So teach us to number our days, That we may gain a heart of wisdom. (Psalm 90:12, NKJ).
The Bloomington (Indiana) Reformed Presbyterian Church recently celebrated its 200th anniversary of ministry in Southern Indiana. Our congregation was founded by committed believers, who left the upcountry of South Carolina in the early 19thcentury, to get away from the evils of slavery. The Reformed Presbyterian Church made the decision to bar slave-holders from membership by 1800, making her one of a very few churches in America to take a stand as a denomination at that time.
The group of RPs who settled in and around Bloomington were arriving just as Indiana University (then the state seminary) was being founded in 1820. When the congregation was organized in 1821, Indiana had only been a state for five years and the city of Bloomington only had around 600 residents. A number of members and leaders of the congregation were active in helping escaped slaves journey to the north via the “Underground Railroad.” The congregation was truly unique in our community at the time as we welcomed African Americans as members and also allowed them to be buried in our cemetery.
The remarkable thing about the congregation is that it continues to serve and worship Jesus in much the same way that it always has right to the present day. There are not many other congregations in this part of our country, who can say that they still believe and teach the Bible as the infallible word of God for even one century, let alone two! And because this kind of congregation is so rare today, we want to acknowledge that it is only by the grace of God working through His Son, the Lord Jesus, that there is any story to tell at all about our congregation.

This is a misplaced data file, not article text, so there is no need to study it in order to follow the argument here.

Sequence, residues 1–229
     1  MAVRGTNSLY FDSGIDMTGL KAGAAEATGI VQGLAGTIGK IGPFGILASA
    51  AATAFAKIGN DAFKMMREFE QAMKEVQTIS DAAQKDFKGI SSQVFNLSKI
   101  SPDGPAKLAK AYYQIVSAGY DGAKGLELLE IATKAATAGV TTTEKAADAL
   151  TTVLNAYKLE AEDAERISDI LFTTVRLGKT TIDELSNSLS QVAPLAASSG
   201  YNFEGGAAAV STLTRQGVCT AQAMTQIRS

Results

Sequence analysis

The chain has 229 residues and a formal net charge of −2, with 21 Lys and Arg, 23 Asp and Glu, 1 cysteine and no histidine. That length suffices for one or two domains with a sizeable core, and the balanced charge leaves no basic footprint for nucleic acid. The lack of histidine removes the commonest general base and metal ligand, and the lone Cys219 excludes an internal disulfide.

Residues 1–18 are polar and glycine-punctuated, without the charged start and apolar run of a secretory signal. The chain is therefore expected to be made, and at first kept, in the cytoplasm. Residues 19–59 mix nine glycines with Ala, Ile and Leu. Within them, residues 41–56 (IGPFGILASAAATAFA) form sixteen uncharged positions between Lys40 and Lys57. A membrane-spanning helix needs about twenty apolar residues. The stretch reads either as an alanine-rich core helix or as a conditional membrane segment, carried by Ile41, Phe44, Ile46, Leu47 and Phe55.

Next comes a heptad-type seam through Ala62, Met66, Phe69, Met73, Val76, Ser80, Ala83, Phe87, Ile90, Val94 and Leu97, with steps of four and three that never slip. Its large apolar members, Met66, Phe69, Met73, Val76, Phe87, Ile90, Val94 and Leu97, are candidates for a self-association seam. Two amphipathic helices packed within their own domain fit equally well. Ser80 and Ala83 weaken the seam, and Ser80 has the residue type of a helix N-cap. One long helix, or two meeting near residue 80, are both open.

At our celebration in early August, our congregation gathered with friends, former members, and interested folks from the community to celebrate the work of God (see photo above). You can watch a short, video recap of the celebration here, compliments of Filsonian Motion Pictures. We so appreciate the efforts of filmmaker Eric Filson, who is working on a documentary on the history of our congregation. In addition, a story about us in our local paper was picked up by US News and World Report and can be found here.
We are grateful for the opportunity to tell a little bit of how Jesus has worked in one tiny part of His church. We rejoice that He has maintained and used us for these many years, and we are so thankful that we are not alone! All over the world, Jesus is using small churches, who faithfully serve their local communities year after year with little or no fanfare, to build His great kingdom. If you happen to be serving God in such a place, keep persevering by His grace, knowing that “nothing can hinder the LORD from saving by many or by few” (1 Samuel 14:6, ESV).